A few months ago, IPSP authors Nancy Ammerman and Grace Davie issued a wide-ranging call for comments on the first draft of the IPSP report. As the Coordinating Lead Authors of Chapter 16, entitled “Religions and Social Progress,” they invited the community of sociologists of religion to read and comment on the chapter. They posted on The Immanent Frame, a prominent blog and discussion forum run through the Social Science Research Council (SSRC)’s program on Religion in the Public Sphere.
Now Drs. Ammerman and Davie, along with David Smilde, have collected and published some of the comments that they have received. In the latest post on The Immanent Frame, five sociologists and scholars of religion respond to Chapter 16 the IPSP report.
Several respondents praised the chapter’s novel approach to religion and social progress, as well as its thoroughness and attention to balance:
This impressive initiative is a significant step toward a fresh agenda that reframes the whole subject…It offers a very useful framework for other researchers to complement, challenge, and deepen the authors’ analysis. (Alexander Wilde, American University)
The chapter on “Religions and social progress” points to an urgent need: for religious and secular progressives to come together to discuss social progress and movement toward societies in which all can flourish…It is precisely such an approach that is too often missing in contemporary discussions of religion. (Rachel Rinaldo, University of Colorado–Boulder)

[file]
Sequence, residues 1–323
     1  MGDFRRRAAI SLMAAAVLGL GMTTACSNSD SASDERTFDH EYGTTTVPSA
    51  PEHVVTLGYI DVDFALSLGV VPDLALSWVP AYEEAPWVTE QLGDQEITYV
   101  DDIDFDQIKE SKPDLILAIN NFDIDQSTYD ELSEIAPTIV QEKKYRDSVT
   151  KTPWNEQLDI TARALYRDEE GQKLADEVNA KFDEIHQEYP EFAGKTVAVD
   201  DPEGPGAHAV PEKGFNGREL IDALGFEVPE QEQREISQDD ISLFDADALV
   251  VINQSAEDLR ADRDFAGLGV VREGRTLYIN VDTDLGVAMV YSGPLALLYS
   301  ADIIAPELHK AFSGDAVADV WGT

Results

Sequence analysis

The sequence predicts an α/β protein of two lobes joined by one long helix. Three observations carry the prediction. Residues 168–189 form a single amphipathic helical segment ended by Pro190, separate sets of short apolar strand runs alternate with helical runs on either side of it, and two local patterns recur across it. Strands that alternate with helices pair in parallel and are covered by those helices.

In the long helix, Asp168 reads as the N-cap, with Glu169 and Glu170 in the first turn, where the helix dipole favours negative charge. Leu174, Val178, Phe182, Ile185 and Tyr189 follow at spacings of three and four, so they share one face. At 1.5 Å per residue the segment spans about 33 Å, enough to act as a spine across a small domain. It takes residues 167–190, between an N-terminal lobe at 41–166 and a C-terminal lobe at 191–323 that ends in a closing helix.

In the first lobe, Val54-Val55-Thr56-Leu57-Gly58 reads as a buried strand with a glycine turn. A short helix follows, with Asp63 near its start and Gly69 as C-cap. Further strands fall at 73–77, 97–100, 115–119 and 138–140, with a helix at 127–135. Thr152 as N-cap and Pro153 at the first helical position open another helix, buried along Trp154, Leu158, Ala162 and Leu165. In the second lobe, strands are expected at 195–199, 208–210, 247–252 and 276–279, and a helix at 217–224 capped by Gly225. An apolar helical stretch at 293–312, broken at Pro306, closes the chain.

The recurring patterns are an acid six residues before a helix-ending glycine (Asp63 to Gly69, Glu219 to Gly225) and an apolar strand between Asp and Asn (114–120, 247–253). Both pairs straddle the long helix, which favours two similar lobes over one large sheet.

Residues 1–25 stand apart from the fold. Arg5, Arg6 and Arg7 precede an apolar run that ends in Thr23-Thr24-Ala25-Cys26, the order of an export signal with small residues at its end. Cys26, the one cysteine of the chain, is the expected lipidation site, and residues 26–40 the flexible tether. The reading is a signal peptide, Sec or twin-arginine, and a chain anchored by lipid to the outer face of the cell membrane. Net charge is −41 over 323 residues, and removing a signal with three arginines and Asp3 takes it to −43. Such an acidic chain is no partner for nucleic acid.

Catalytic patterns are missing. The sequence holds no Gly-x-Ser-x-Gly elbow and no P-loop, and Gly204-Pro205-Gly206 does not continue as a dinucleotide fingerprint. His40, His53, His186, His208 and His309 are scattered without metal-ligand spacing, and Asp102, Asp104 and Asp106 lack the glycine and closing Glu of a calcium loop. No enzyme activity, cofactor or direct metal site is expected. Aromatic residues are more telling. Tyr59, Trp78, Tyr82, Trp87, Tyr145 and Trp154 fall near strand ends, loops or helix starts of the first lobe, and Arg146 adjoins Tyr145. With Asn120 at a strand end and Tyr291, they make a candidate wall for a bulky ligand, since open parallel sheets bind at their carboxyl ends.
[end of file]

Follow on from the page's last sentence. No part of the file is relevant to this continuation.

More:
Ammerman, Davie, and their crew of highly qualified and respected coauthors have produced a significant document. It achieves significant things in terms of both scope and depth, and points to streams of research of which I was unaware…It is testimony to their good work that we see how much there is still to do. (Rhys H. Williams, Loyola University–Chicago)
Other respondents noted parts of the chapter that need further or clearer analysis:
One aspect not directly discussed in the chapter, though it comes up a few times, is the role of state policies in creating sociopolitical locations for religious groups. In my own work, I have begun to see the importance of religion not just as belief, culture, and social affiliation, but as group location. (Prema Kurien, Syracuse University)
The chapter is important, and I hope it gets a wide reading…Here’s the “but”: What does it mean to progress?…There seemed to be an implicit assumption throughout the text—despite careful acknowledgements otherwise—that social progress means a gradual acceptance of particular Western liberal norms. (Jeff Guhin, UCLA)
Click here to read the responses in full.